Artists at this annual local event have only one objective: to freeze out the competition.
Carvers will start up their chainsaws and blow torches to create ornate beauty from solid blocks at the 18th Keene Ice & Snow Festival this Saturday, Feb. 1, in downtown Keene.
Completed sculptures, which will be placed on pedestals and lit from beneath, will be displayed along Main Street for judging by Arts Alive! Competitors will win cash prizes for first, second and third place.
Sculptors-in-ice from around New Hampshire and Massachusetts work in different levels of the art form: Eric Knoll of Merrimack, for instance, has placed several times in the World Ice Carving Championship; Dennis Hickey and Dave Soha operate their own ice sculpting company in Manchester. Several carvers are returning to Keene after competing here in past years.
Wayne Miller, of Walpole, was on the festival’s planning committee in its early years and has competed at the event for several of its 18 years. He also competes regularly at several others — in Stowe, Vt., Jackson, N.H., and three in Massachusetts (in Greenfield, Northampton and North Adams).
He got started ice carving while working in the hotel business — his first sculpture was a shrimp ice boat that was part of a buffet. He created it using a chisel and screwdriver. He then learned more of the craft from a chef who had attended an intensive ice carving class at the Culinary Institute of America.
He started with the Winkler method, which involves adhering a paper template for “sketching” the design using a chisel into the 300-pound block of ice (the standard size for competition is 40-by-20-by-10 inches). Once the connect-the-dots design is in the ice, an electric chainsaw is used to cut out the design as a two-dimensional relief before rounding corners, adding grooves, hollowing it out or creating whatever the artist’s vision for the piece.
He later began using a newer technique called fusing, which involves applying heat from a flat iron onto an aluminum slab, pressing the ice against the slab for a few seconds and removing it quickly to join pieces of an ice sculpture. He used this technique to attach long arms to a recent “Charlie-in-the-box” sculpture.
“It’s for joining two flat planes together,” said Miller. “You can’t do it if it’s too warm, it won’t hold.” Sometimes, in warmer temperatures, ice carvers will add dry ice while fusing.
Ideal conditions for ice carving is temperatures in the teens and 20s, said Miller. If it’s any colder, the pressure from a chainsaw could fracture the brittle ice.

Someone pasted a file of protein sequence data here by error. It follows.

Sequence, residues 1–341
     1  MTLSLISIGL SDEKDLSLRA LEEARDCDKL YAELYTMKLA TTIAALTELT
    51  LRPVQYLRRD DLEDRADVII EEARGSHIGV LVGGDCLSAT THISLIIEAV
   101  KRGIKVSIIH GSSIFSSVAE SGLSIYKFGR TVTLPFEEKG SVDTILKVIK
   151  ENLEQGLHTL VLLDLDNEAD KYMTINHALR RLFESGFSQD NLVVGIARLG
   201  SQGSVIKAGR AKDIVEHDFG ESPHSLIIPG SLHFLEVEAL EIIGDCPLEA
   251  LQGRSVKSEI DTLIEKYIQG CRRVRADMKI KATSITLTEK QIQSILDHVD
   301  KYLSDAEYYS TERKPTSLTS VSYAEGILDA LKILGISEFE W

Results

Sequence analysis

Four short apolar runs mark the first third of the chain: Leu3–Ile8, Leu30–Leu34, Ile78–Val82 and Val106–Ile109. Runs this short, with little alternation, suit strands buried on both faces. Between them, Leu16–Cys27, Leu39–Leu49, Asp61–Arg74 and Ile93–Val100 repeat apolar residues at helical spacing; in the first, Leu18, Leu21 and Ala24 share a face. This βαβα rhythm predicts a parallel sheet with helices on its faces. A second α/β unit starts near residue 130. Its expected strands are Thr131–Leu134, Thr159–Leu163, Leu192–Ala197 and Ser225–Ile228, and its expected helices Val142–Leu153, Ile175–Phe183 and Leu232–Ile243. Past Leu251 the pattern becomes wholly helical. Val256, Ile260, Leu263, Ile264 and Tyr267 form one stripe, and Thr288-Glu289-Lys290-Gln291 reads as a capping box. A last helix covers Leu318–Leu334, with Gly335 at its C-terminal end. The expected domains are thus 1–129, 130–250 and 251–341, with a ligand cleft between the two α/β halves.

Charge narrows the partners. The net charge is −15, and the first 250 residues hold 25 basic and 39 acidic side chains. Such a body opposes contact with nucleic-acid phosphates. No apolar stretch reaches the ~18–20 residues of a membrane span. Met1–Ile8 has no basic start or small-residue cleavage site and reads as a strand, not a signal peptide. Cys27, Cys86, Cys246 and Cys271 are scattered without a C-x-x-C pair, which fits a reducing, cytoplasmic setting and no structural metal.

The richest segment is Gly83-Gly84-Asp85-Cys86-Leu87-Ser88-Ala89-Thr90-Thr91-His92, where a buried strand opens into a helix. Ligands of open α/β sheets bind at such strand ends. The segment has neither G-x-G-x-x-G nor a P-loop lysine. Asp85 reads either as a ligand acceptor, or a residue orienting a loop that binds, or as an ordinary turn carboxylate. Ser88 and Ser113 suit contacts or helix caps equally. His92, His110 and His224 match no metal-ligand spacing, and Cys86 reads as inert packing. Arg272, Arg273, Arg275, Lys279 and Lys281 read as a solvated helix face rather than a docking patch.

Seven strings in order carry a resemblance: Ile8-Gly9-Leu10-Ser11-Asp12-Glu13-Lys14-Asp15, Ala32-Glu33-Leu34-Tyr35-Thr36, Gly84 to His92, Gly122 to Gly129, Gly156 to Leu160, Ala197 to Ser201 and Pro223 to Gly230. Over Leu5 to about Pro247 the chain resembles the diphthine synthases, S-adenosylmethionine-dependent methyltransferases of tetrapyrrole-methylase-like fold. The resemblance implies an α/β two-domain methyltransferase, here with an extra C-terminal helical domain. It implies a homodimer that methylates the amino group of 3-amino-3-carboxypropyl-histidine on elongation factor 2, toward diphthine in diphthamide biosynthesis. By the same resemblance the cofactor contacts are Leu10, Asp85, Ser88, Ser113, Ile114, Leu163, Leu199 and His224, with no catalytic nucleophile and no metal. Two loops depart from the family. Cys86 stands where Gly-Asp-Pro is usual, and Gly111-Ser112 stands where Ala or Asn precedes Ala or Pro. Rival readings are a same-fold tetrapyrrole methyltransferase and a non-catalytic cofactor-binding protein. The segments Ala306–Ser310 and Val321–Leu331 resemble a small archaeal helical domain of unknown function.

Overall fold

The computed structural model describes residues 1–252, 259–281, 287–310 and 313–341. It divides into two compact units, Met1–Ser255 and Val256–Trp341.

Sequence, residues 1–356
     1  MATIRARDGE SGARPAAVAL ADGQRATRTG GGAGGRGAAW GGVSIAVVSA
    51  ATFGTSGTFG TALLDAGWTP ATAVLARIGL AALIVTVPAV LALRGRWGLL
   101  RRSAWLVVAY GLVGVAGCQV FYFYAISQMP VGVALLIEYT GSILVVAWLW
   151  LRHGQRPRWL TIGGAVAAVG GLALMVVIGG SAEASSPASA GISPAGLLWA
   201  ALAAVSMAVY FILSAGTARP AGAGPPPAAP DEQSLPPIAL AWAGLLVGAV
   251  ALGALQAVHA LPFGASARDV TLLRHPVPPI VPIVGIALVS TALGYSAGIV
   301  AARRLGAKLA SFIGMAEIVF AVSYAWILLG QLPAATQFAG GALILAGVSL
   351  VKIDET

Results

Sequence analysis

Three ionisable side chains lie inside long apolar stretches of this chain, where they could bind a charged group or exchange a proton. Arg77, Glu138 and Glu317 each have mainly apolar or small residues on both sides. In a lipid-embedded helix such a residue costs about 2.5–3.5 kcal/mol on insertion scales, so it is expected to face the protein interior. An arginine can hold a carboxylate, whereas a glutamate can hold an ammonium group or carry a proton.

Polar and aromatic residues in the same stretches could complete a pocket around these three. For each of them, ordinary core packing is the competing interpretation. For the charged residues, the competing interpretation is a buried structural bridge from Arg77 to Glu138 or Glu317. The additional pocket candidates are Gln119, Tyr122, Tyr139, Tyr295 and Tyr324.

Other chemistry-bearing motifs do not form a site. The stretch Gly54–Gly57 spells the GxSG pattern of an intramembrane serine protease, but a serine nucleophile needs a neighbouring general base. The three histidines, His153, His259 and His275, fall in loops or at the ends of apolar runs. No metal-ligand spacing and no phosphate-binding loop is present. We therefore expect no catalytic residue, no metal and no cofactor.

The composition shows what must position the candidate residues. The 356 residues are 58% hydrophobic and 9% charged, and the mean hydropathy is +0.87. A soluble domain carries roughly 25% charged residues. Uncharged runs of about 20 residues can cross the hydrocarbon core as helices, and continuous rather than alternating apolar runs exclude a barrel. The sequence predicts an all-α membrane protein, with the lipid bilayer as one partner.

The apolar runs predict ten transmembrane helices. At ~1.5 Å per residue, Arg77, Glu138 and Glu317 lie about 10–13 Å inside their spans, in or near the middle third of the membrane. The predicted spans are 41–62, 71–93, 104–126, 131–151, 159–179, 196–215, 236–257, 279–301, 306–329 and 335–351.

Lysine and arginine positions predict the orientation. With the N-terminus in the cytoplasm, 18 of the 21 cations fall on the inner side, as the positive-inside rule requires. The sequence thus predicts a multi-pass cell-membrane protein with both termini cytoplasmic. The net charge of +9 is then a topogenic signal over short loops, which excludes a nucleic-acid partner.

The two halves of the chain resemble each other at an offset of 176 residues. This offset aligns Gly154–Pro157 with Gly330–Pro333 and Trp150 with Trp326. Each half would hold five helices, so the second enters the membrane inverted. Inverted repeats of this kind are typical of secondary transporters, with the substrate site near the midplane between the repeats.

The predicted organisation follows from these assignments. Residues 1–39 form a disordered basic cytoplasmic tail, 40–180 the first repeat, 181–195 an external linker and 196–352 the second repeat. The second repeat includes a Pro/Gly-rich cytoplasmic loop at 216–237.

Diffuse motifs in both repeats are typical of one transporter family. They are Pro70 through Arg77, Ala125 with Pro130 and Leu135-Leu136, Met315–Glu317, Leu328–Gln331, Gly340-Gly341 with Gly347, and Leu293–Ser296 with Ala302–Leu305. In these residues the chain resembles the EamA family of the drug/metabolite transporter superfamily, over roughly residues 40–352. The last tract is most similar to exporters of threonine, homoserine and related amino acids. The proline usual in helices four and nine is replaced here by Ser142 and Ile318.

Whether it’s too cold or too warm for perfect ice carving conditions, Miller is prepared to adapt.
One sculpture he created of the angel Gabriel blowing a trumpet went south when the trumpet fell off.
“It became a coronet,” he said.
Other pieces he’s either created himself or co-created with another carver (he’s not sure what he’ll make at the Keene festival) include an ibex complete with highly-detailed fur and horns and Rodin’s The Thinker. Some have taken upwards of 10 hours.
He uses everything that’s crucial to an ice carver’s toolbox: a die grinder for rounding off corners and doing lettering; a blow torch that turns the ice from having a milky haze to being crystal clear.
While the intricacy of ice-carving designs dazzles audiences everywhere as they watch it happen before their eyes, there’s a lot more to the process people don’t see.
The ice block carvers use for competition aren’t just any ol’ ice blocks. They are made using something called a Clinebell machine made by the Clinebell Equipment Company.
It pumps a constant flow of water over a cooling plate so ice builds up a little at a time until it reaches the desired 10-inch thickness and looks like a perfect piece of bubble-free glass.
In addition to ice carvings, visitors can enjoy free samples of signature cocoa at stations set up at nearly a dozen downtown businesses; make-your-own-s’mores pits, scavenger hunt, train rides, face painting by artist Emily Sodders, roaming characters including Elsa, Anna and Olaf from Disney’s “Frozen,” a snow tubing slide, snow sculpting and window dressing competitions and sidewalk sale.
This year's festival was organized by the Keene Downtown Group.
“The whole idea is for families to get outside and enjoy the winter,” he said.
The 18th annual Keene Ice & Snow Festival is this Saturday, Feb. 1, from 10 a.m. to 4 p.m. in downtown Keene. Competition begins after the United Church of Christ in Keene bell rings at 10 a.m. and ends at 2 p.m.